Geoscientists in the Workforce: An Overview
What do geoscientists do?
- Natural resource exploration and production
- Environmental assessment and remediation
- Atmosphere, hydrosphere, and natural hazard observation and forecasting
- Earth system investigation and modeling
- Education and public outreach
- Scientific writing, editing, and multimedia production
- Law, forensics, software development, and public health
Many professional organizations provide information about geoscience careers and the geoscience workforce. Below are a few examples of videos and other resources that describe geoscience careers, including technological careers that require an associates degree. You can find a more extensive list of resources across the geosciences on the Professional Society Career Resources page.
- variety of programs and careers including energy technology, environmental engineering, environmental technology, geographic information sciences, geospatial technology, green technology, water treatment technology, and wind technology.
- The Marine Advanced Technology Education (MATE) Center provides information about the knowledge and skills needed for various technical marine occupations including oceanographic instrumentation technicians, hydrographic survey technicians, and marine technicians who work aboard research vessels.
- The Workforce Program of the American Geosciences Institute include a careers brochure, career videos, career FAQs, profiles of geoscientists, a guide to geoscience careers and employers, and more.
- The Association of Environmental and Engineering Geologists has resources for undergraduate students including details about the profession of engineering geology, environmental geology, and hydrogeology, as well as case histories.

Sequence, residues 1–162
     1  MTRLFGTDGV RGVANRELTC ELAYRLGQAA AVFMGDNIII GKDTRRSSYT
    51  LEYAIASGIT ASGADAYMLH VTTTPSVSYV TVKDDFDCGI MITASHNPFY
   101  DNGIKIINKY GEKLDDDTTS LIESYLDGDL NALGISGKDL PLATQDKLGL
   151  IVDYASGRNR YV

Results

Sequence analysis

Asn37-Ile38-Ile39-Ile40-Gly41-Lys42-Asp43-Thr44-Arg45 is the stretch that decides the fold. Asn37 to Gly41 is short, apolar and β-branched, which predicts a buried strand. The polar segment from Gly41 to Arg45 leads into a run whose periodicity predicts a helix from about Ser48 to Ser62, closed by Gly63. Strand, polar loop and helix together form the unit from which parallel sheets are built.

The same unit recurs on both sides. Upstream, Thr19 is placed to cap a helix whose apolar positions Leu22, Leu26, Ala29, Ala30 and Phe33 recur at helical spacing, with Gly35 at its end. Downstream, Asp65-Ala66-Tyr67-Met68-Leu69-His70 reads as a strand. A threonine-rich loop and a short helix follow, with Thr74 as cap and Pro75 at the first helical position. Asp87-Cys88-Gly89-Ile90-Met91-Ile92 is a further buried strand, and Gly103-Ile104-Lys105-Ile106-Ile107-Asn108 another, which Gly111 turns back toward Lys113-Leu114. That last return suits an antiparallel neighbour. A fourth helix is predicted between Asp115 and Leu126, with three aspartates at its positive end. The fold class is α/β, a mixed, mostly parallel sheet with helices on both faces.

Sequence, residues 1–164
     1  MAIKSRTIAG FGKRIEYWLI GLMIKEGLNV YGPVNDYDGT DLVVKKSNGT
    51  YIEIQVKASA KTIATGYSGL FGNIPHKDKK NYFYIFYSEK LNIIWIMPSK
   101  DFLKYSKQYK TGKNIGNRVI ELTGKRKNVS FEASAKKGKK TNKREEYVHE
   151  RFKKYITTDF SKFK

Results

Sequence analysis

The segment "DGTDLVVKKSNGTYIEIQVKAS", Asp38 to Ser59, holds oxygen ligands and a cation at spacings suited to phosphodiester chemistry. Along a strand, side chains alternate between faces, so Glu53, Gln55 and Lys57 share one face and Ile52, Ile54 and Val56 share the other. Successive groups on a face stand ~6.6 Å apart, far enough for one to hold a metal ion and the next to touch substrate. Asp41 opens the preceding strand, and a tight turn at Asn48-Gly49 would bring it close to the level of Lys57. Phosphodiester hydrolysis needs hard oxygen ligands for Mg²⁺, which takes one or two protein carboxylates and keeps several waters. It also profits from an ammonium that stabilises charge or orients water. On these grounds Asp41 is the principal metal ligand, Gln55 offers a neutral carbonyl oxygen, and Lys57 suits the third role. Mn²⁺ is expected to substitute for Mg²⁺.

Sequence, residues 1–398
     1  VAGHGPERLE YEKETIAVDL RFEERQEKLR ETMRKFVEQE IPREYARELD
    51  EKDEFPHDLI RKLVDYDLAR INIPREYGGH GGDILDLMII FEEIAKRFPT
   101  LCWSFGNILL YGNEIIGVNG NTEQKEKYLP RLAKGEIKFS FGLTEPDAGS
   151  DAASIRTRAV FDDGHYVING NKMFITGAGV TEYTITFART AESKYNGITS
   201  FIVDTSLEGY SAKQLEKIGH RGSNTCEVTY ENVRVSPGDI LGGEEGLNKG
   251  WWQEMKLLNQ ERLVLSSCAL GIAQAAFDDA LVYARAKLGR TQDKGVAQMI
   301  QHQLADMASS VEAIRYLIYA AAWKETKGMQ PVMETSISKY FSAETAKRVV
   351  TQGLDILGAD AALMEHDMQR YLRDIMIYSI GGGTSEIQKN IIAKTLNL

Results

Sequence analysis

- OceanCareers.com includes career profiles, employer profiles, interviews with interesting people, and more.
What degree is needed for different types of careers?
There are many pathways into the geoscience workforce, ranging from those that require an associates degree to that that require a PhD and post-doctoral experience. The chart below illustrates some of the workforce possibilities for those with different degrees. Of course, the specific requirements for a position might be different for different employers, in different locations, and for geoscientists with different levels of experience. Check out the Career Pathways page for more information on what kinds of jobs are typically available at particular levels of qualification.
How much do geoscientists earn?
US Department of Labor
The US Department of Labor Occupational Outlook provides information about various careers (workplace, entry-level education, employment outlook, median salary, and more). The dollar figures listed constitute the median pay for that position in 2010 from the BLS Occupational Employment Statistics survey.
- Atmospheric scientists, including meteorologists ($87,780)
- Environmental science and protection technicians ($41,380)
- Geographers ($72,800)
- Geological and petroleum technicians ($54,020)
- Geoscientists ($82,500)
- Hydrologists ($75,600)
Career Cornerstone Center, using data from the U.S. Department of Labor, Bureau of Labor Statistics, gives the median income for all geoscientists = $79,160. The median income in particular industries employing a lot of geoscientists are:
- Oil and gas extraction $127,560
- Federal Executive Branch $90,220
- Management, scientific, & technical consulting services $62,070
- State government $57,700
AGI Geoscience Workforce Program Reports
The American Geosciences Institute conducts extensive surveys of the geoscience workforce and puts together periodic reports on the state of affairs in the sector. The most recent report was published in 2011 but previous reports are also available.